It’s honestly close to impossible. You have to be some kind of Chima Ferguson to make a decent living purely off skateboarding in Australia.
What else do you do for work to supplement your filming?
Throughout the duration of the video, I worked countless jobs. I worked at a go-kart track, a construction landscaper, doing bushfire irrigation, construction traffic controller. Now, I help run a skate store in Sydney which is really good.
Ben did the nosepick to back 180 of the glass bank as his ender in KIDS – and then for the first clip in Hell Cherub, he did the nosepick to back 360 off the same spot. What is the story there?
Yeah, there’s a bit of a story behind that one. Ben and I both said it would be sick to have it be the first clip in the video just as a little nod to the last video. Kind of like starting where we left off.
That spot is pretty red hot to skate. It’s above Town Hall Station in Sydney and is busy no matter what hour you skate it really. There’s constant foot traffic because there’s a light rail stop right next to it. This also makes it worse because the light rail drivers will call the police if they see you on the roof for a second. There’s also a bad homeless problem there so cops are always just around that area.
Just knowing a cop could come walking around the corner any second and could think we’re trying to destroy the glass on the roof. I think we went back for that three or four times. Cops pulled up on us twice, but one morning Ben just made it work and rolled away with no troubles.
What’s your editing process like for a video like Hell Cherub?
I always prefer to edit as I go, it just helps me get a better feel for a video & just seems natural to me to do it like that. That way you can see what songs age better with time as well as just a general scope of the whole video seeing everything you have in the timeline.
We started filming the video around April 2020, and I was always editing throughout that time. Then I finished editing at 5am the morning of the premiere date – March 25th.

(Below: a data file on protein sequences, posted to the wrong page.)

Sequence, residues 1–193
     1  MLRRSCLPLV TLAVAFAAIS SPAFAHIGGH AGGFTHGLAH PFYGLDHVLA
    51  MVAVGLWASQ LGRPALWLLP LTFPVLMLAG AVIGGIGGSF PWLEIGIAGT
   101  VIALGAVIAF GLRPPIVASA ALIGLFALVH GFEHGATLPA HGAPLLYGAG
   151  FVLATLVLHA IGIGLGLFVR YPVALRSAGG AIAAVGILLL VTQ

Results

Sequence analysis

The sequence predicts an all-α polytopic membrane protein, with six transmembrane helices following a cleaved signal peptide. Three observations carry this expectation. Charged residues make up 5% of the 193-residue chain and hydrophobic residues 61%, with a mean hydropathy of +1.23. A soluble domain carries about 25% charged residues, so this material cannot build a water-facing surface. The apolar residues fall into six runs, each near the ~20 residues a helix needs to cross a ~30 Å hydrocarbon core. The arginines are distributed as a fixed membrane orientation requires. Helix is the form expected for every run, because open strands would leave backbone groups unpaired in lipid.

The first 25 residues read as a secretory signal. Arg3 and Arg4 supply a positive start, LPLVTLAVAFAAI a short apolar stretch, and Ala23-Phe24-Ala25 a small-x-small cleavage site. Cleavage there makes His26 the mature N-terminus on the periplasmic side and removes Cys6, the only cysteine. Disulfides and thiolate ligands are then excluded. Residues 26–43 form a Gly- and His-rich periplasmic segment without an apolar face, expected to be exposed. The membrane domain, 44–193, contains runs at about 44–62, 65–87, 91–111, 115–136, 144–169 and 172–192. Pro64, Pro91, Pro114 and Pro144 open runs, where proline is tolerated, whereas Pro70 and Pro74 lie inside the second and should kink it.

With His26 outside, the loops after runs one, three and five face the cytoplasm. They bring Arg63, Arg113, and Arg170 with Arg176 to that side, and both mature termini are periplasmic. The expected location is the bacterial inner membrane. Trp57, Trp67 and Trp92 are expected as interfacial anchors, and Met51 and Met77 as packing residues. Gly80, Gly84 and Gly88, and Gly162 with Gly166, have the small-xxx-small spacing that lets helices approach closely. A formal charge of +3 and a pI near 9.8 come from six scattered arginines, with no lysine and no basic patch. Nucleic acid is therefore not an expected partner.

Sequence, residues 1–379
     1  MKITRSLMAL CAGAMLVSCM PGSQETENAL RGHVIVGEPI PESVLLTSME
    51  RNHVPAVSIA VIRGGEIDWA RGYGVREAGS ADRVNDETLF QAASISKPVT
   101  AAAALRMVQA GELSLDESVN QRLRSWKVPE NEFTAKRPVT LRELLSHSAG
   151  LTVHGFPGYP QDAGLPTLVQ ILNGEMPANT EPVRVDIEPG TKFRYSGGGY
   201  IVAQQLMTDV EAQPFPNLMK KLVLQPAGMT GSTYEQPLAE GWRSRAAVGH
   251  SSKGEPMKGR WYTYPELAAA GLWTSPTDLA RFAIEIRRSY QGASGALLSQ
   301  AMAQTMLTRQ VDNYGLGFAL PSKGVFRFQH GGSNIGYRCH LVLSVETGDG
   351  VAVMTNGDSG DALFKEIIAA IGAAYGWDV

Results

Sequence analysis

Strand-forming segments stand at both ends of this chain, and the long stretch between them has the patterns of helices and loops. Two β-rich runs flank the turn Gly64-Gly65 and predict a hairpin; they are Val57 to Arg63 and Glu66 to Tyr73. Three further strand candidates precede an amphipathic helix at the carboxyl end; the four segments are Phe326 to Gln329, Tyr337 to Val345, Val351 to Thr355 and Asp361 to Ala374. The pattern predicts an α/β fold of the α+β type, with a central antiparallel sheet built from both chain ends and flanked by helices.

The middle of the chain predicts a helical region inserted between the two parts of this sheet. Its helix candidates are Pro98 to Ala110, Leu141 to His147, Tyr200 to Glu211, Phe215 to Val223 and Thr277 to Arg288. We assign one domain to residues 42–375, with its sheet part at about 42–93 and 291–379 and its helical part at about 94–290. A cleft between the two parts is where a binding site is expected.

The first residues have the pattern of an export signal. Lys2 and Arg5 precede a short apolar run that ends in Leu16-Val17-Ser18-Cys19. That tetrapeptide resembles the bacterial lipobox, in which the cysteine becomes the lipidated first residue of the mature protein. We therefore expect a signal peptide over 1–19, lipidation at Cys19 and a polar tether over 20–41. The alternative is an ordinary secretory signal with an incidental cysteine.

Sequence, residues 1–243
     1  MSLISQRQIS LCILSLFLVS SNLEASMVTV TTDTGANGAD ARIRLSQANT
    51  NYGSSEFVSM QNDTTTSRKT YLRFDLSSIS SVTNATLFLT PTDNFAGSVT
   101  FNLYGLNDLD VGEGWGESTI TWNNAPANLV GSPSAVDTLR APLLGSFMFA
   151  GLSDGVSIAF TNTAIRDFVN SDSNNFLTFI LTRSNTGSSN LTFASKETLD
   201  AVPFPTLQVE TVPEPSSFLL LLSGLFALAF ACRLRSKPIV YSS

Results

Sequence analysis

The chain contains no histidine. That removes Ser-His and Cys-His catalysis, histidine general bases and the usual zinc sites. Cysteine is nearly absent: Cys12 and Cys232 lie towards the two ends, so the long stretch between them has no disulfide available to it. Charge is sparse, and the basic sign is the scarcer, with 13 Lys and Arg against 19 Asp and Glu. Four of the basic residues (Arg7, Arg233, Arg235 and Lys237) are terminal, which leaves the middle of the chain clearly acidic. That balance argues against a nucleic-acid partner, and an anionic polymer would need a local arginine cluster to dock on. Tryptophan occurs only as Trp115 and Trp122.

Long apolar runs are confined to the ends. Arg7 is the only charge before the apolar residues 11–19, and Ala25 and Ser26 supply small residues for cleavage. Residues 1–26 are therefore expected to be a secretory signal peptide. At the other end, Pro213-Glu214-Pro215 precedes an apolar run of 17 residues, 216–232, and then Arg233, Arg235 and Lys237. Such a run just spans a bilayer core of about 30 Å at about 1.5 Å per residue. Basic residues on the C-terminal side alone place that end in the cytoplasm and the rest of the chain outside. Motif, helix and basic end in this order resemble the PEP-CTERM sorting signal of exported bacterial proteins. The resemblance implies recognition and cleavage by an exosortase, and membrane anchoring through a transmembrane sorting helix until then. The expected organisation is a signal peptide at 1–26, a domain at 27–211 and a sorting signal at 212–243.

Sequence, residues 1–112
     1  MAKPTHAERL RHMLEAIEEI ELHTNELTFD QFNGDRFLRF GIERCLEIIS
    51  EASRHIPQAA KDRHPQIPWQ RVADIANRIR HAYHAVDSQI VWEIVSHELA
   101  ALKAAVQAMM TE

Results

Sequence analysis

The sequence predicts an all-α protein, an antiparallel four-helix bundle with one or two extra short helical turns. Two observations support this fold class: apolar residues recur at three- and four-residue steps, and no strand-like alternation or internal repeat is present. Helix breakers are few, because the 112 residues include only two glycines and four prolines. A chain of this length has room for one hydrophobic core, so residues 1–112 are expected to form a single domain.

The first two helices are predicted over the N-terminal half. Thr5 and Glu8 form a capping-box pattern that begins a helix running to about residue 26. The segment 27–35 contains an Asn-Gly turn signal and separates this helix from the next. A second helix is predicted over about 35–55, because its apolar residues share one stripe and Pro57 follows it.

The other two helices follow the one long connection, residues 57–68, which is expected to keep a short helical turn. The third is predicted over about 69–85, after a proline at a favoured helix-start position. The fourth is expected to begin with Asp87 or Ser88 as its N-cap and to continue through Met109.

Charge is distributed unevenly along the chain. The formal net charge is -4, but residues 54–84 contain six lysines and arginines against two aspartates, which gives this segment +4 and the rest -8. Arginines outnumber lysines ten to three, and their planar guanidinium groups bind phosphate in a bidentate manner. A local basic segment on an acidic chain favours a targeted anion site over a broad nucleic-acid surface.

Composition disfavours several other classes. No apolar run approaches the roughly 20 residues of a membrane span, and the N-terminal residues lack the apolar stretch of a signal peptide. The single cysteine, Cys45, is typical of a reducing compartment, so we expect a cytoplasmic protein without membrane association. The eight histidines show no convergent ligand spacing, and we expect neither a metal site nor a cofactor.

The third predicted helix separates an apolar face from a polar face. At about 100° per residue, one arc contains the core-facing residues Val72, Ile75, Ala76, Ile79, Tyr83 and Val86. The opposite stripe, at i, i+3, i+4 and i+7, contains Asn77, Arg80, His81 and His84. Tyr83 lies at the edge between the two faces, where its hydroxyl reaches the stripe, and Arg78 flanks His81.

Do you have to take any porno breaks while editing?
[Laughs] Don’t you concentrate better if you don’t have a bat or jerk off. I feel like I’ve heard that somewhere like fighters not doing it weeks before a fight because they’ll perform better.
You’re also doing a printed zine with this video right?
Yeah, I’m just doing a little 20-page zine of photos shot in the making of the video including my own photos, as well as photos from my friend Brendan Frost. He shot most of the skate photos. But I’m planning on giving one to everyone who was involved with the video. I’m also gonna put it up online for people to see too.
Do you shoot film or digital?
I shoot both. It honestly depends on what mood I’m in, or what I’m inspired by that week or day. Right now I’ve been shooting a lot with this Contax TIX which takes APS film. You can only really buy it expired now so you either get cool colors and contrasts, or absolutely fucked photos [laughs].
Between posting on Instagram and just filming clips on your phone, what is the point of skate photography these days?
Is there a point to anything?
A GLIMPSE INTO THE BAKER HAS A DEATHWISH II WORLD PREMIERE
16 long years later, the second coming of Baker Has a Deathwish has arrived...
REMINISCING THROUGH THE YEARS WITH STATIC ALUMNI
We talked to 12 skaters featured in the long-standing Static series about their memories and thoughts on the videos.
SKATEBOARDING AND SOCCER WITH NEW YORK CITY’S CHINATOWN SOCCER CLUB
Meet the club of skaters, artists and notable locals that have casually played soccer together for the last 20 years.
THE EVOLUTION OF… NYC’S PYRAMID LEDGES
We collected stories from the only ledge spot made out of tiny mini ledges.
A CHAT WITH LUDVIG HAKANSSON, THE OLDEST SOUL IN SKATEBOARDING
The man loves to read Nietzche, skates in some expensive vintage gear, and paints in his own neoclassical-meets-abstract-expressionist style.